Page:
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St. Louis Blues History:
After a financially devastating 1976-77 season that saw the St. Louis Blues pare down their staff to three employees, Emile Francis was able to convince Ralston Purina chairman R Hal Dean to invest in the team. On July 27, 1977, Francis announced the St. Louis Blues had been reborn, on paper at least. In I978-79, the Blues slipped off the bottom run of the NHL ladder, winning just 18 games under coach Barclay PIager. Once again, Francis was able to rebuild the crumbling foundation. Ralston Purina repainted the old bandbox known as the Arena and rechristened it the Checkerdome. In the 1976 Amateur Draft, Francis had selected Bernic Federko, Brian Sutter and Mike Lint, who would go on to become the cornerstones of the team in the 1980s. Such runners-and-gunners as Wayne Babych (picked third overall in 1978) and Perry Turnbull (taken second in 1979) were added to the nucleus and by 1981 the Blues had a 107-point jugernaut for Red Berenson, who had taken over as coach during the previous season. We offer the best St. Louis Blues Tickets online.
"It was a very exciting time for me," Francis says. "There we were, on the brink of extinction, then to come all the way back the way we did and get the support we needed… that was like a dream come true." Almost as quickly, it all came tumbling, down. The Blues finished eight games under .500 in 1981-82 and slid to 65 points the following season, the fourth-Iowest total in club history. This regime peaked in the 1986 playoffs with the "Monday Night Miracle" game. After being stretched to the limit to eliminate Minnesota and Toronto, the Blues had their backs against the wall once again in their semifinal series against the Calgary Flames. Needing a home-ice victory to force it seventh game, the Blues trailed 5-2 with less than 12 minutes remaining in the game and their season. The unlikely hero on this madcap Monday night was Greg Pasltiwski, a hard-plugging foot soldier. "Paws", as was his nickname, notched a pair of late third-period goals to even the affair after Brian Stiffer had lit the comeback torch at 8:08.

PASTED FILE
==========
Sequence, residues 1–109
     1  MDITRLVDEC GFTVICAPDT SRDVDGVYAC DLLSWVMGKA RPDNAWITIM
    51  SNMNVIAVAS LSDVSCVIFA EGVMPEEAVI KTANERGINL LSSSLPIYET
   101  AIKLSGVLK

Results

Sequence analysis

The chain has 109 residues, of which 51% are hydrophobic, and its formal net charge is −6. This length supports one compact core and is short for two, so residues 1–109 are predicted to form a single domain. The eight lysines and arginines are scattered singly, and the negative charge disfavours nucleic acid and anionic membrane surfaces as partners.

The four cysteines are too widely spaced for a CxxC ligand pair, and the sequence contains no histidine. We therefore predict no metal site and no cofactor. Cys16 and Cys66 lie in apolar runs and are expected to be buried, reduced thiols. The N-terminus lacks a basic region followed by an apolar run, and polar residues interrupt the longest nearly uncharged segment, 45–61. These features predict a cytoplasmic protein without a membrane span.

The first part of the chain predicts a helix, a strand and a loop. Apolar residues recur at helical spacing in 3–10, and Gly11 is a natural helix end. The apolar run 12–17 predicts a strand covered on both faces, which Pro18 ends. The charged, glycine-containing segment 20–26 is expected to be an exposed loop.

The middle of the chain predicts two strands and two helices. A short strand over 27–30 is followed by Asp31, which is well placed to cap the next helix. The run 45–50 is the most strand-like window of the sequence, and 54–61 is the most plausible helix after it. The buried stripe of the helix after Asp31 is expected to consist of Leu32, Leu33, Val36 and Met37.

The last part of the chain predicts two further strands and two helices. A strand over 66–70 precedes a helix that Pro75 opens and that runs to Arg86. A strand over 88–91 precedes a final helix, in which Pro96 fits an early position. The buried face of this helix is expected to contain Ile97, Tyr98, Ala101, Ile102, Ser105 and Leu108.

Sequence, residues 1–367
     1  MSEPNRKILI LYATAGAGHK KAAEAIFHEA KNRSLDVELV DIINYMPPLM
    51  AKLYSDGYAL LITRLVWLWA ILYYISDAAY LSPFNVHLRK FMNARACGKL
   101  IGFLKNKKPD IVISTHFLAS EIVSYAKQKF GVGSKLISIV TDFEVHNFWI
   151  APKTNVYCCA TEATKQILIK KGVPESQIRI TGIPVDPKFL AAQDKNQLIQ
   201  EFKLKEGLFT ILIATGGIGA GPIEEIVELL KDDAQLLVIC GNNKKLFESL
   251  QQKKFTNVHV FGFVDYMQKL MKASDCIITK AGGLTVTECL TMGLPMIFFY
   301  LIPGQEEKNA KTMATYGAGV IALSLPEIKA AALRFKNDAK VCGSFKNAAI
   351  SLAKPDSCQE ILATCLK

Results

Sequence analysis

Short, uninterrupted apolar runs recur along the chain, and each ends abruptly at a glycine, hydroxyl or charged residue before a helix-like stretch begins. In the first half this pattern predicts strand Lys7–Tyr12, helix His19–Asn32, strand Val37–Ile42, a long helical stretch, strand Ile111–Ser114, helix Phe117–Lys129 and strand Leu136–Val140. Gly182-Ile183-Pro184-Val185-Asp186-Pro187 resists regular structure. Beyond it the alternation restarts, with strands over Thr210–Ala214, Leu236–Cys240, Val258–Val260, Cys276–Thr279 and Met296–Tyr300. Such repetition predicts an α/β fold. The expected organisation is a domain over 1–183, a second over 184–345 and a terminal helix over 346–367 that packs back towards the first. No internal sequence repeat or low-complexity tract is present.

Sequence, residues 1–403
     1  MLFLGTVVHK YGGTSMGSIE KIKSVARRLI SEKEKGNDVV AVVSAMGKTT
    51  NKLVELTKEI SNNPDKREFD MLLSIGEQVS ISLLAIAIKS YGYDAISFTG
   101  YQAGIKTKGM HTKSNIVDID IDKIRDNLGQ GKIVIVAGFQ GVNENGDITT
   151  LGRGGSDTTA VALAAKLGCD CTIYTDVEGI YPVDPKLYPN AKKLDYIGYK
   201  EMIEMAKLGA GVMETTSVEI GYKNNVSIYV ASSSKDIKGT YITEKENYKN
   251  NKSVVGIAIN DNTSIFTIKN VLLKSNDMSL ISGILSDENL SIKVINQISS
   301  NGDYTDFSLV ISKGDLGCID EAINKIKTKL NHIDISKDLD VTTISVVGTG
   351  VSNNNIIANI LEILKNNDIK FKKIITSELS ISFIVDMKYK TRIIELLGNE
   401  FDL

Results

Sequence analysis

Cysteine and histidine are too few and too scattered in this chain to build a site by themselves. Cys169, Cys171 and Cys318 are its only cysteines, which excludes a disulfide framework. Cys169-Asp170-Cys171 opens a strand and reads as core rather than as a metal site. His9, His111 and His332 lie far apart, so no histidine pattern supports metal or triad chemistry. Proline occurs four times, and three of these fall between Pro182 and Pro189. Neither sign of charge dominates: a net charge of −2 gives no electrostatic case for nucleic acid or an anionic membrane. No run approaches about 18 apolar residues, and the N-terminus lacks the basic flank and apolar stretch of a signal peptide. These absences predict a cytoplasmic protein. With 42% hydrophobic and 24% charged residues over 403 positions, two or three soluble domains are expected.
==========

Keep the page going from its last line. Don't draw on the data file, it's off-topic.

Twenty minutes later. Doug Wickenheiser, who had received his lair share of hard knocks when the Montreal Canadiens selected him ahead of hometown hero Denis Savard in the 1980 entry draft, slipped a rebound past Mike Vernon to give the Blues it's comeback win for the ages. Paslawski notched 10 playoff goals in the greatest spring of his career, more than he would score in the rest of his postseason career combined. The 6-5 victory forced the decisive seventh game of the Western Conference finals, but the Flames extinguished the Blues' Stanley Cup aspirations with a 2-I win back in the Saddledome. Doug Gilmour and Bernie Federko tied for the playoff lead in points, becoming the first players to lead the Postseason soaring parade without making it to the finals.
Demers left for Detroit after that season and Ornest, like the other owners before him, also decided to move on. He sold the team to a local ownership group led by Michael Shanahan during the 1986-87, season. However, with Ron Caron still aboard, the team remained in capable hands. Within two years, Caron had landed Brett Hull, Adam Oates and Curtis Joseph. Later, through astute trades and eve opening free agent acquisitions, Caron brought such high-profile names as Scott Stevens, Brendan Shanahan, Phil Housley and Al Maclnnis into the St. Louis fold. Still, the manager's coup remained the steal of Brett Hull from the Calgary Flames.
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